“We need a president who doesn’t see Black or white. We need a president who sees Americans as one American family,” Scott, the only Black Republican in the Senate, said while standing alongside Trump at a rally in New Hampshire.
Last October, when he was still in the presidential race, Scott said he didn’t believe Trump could win back the White House. “You have to be able to win in Georgia. I don’t think he can win in Georgia.”
Trump won by a historic margin in the Iowa caucuses, but weak voter turnout could signal broader problems for the GOP. About 108,000 people turned out to vote, far short of the nearly 187,000 who participated in 2016, though some of that could be attributed to record-breaking cold weather. DeSantis, though, told conservative radio host Hugh Hewitt on Thursday that weather can’t account for all of the “abysmal” drop-off in participation, calling it “a warning sign for the party going forward into the fall.”
Former Arkansas Gov. Asa Hutchinson, who suspended his long-shot 2024 campaign this week after repeatedly urging the GOP to move past Trump, made a similar argument.
“We’re headed toward a cliff, and we’re going to go off that cliff because Donald Trump cannot attract independent voters,” Hutchinson told The Atlanta Journal-Constitution. “It’s very clear he’s not going to expand the base with the rhetoric that he has.”
But Trump has been making the opposite case to New Hampshire voters, saying at a campaign event on Wednesday that Haley as a GOP nominee “wouldn’t just lose the White House, she’d lose us the House and Senate.” Trump lost all three.
If the election were held today, though, Trump could very well win. Biden’s approval rating continues to hover under 40% in recent polls as voters cite concerns about the economy, the border, Biden’s foreign policy and his age. But the economic picture suddenly looks quite rosy for 2024, with consumer confidence way up and inflation way down. Facing off against Trump on the ballot again could give Democrats who aren’t excited about Biden a reason to head to the polls amid warnings about what a second Trump presidency would mean for democracy.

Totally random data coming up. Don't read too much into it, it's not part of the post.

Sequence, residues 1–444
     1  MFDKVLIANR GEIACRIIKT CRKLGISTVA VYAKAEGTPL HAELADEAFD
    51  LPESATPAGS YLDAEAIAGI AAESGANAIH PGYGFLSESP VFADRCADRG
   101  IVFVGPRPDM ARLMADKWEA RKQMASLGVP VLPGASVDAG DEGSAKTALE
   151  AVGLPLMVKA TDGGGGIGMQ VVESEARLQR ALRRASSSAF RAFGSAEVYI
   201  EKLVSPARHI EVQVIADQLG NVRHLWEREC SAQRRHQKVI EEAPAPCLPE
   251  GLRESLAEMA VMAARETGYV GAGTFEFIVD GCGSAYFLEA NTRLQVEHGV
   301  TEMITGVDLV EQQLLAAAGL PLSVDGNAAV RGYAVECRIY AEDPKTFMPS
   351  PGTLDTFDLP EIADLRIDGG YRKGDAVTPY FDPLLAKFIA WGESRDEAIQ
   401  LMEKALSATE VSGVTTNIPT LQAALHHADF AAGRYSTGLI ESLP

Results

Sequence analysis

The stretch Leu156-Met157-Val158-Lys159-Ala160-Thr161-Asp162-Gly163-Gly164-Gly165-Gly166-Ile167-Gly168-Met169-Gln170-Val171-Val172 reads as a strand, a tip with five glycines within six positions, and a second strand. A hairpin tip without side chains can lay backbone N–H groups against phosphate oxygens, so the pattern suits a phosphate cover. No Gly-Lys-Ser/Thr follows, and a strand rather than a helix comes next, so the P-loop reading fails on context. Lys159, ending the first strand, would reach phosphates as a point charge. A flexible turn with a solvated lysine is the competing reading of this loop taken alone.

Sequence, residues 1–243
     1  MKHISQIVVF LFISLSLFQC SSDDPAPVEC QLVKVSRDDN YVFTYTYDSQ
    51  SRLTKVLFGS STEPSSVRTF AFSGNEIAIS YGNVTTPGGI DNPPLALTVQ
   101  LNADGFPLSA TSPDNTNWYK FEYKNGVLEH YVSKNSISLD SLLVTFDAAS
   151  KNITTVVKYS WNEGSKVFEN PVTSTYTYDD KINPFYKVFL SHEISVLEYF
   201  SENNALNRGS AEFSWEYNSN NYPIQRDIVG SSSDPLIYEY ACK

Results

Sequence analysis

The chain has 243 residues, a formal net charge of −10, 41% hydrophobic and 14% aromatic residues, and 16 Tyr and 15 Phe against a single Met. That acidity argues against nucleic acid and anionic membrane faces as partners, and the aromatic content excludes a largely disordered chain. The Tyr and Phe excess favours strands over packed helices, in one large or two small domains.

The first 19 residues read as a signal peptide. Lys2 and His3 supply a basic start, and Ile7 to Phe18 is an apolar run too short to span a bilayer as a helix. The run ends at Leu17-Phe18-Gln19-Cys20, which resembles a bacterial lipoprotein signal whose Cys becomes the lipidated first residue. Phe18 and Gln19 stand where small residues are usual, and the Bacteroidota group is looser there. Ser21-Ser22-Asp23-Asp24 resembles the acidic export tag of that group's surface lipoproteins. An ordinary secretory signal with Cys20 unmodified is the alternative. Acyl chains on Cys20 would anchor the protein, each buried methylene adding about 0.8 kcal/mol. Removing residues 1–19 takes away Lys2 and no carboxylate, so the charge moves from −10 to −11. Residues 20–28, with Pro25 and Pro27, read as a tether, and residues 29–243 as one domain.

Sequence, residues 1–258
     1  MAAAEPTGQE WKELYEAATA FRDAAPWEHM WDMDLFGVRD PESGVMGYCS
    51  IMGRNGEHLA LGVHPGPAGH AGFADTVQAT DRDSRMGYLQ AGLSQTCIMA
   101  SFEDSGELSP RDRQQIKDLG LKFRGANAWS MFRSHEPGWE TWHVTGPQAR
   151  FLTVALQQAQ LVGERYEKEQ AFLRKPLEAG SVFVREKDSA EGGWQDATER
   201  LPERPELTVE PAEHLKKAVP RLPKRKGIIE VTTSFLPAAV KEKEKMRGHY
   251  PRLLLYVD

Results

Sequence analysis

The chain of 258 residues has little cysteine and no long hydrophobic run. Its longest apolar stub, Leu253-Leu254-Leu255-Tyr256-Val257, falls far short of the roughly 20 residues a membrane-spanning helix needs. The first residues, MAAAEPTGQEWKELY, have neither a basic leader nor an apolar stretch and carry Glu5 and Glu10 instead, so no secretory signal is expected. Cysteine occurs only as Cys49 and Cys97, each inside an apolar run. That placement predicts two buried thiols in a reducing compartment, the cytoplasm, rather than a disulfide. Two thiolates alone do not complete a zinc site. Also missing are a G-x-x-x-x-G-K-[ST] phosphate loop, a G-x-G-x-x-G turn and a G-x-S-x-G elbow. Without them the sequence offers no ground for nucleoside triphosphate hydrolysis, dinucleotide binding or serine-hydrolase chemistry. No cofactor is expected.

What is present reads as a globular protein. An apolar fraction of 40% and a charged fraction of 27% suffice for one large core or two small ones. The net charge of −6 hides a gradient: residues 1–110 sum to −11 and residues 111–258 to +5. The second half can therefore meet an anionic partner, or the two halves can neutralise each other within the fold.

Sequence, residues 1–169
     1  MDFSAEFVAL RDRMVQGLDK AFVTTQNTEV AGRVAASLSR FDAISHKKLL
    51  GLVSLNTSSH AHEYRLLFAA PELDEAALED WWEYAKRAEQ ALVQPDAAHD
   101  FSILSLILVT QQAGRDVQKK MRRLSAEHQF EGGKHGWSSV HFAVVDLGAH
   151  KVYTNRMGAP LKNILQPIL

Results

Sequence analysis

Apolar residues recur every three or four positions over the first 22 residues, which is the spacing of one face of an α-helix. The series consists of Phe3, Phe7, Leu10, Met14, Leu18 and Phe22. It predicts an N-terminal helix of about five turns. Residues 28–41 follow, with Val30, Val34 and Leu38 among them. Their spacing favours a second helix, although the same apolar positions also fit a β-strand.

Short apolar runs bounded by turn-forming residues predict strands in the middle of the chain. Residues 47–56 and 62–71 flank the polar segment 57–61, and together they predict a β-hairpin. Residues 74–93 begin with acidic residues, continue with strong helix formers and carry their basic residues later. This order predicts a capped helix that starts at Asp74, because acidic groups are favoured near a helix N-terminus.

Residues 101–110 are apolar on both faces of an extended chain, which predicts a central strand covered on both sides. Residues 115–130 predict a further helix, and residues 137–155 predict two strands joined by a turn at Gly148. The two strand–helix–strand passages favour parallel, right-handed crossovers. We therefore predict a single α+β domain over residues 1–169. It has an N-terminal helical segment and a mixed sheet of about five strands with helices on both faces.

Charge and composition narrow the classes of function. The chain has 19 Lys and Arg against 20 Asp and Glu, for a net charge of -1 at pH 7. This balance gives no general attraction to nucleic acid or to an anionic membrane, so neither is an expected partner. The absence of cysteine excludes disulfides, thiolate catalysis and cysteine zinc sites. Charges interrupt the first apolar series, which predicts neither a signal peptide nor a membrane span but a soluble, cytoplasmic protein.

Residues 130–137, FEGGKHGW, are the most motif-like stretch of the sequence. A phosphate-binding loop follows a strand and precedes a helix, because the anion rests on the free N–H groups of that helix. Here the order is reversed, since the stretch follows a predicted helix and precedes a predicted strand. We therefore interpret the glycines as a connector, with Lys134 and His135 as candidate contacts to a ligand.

In New Hampshire, for example, Biden’s approval rating is just 38%, according to a Marist poll released Friday. Yet voters still choose Biden for president over Trump by 7 percentage points, indicating why many Democrats think they can win if the race is a choice between Trump and Biden rather than a referendum on the incumbent from Delaware.
Trump has been sued in New York and indicted in Georgia, Florida, New York and Washington, D.C. The charges against him include allegations that he plotted to reverse the 2020 election results, that he was involved in a hush-money scheme ahead of his 2016 election, that he mishandled classified documents and obstructed federal authorities’ efforts to recover them, and that he fraudulently inflated his business assets by billions.
But to Republicans backing Trump, none of that is concerning. In fact, some of them think it’ll help Trump in the general election.
“His legal challenges are making the public so angry because the lawsuits look punitive rather than legitimate,” Sen. Cynthia Lummis (R-Wyo.) said. “It just looks so fake, so contrived that people are disgusted with it.”
“The American people are not going to stand for that. All heck would break loose if that would happen,” added Sen. Tommy Tuberville (R-Ala.) about the prospect of Trump being convicted.
Sen. Mitt Romney (R-Utah), meanwhile, said he has “a hard time understanding” why Trump’s legal issues don’t “seem to be moving the needle” with more voters.
“A lot of people in this country are out of touch with reality and will accept anything Donald Trump tells them,” Romney told reporters on Wednesday.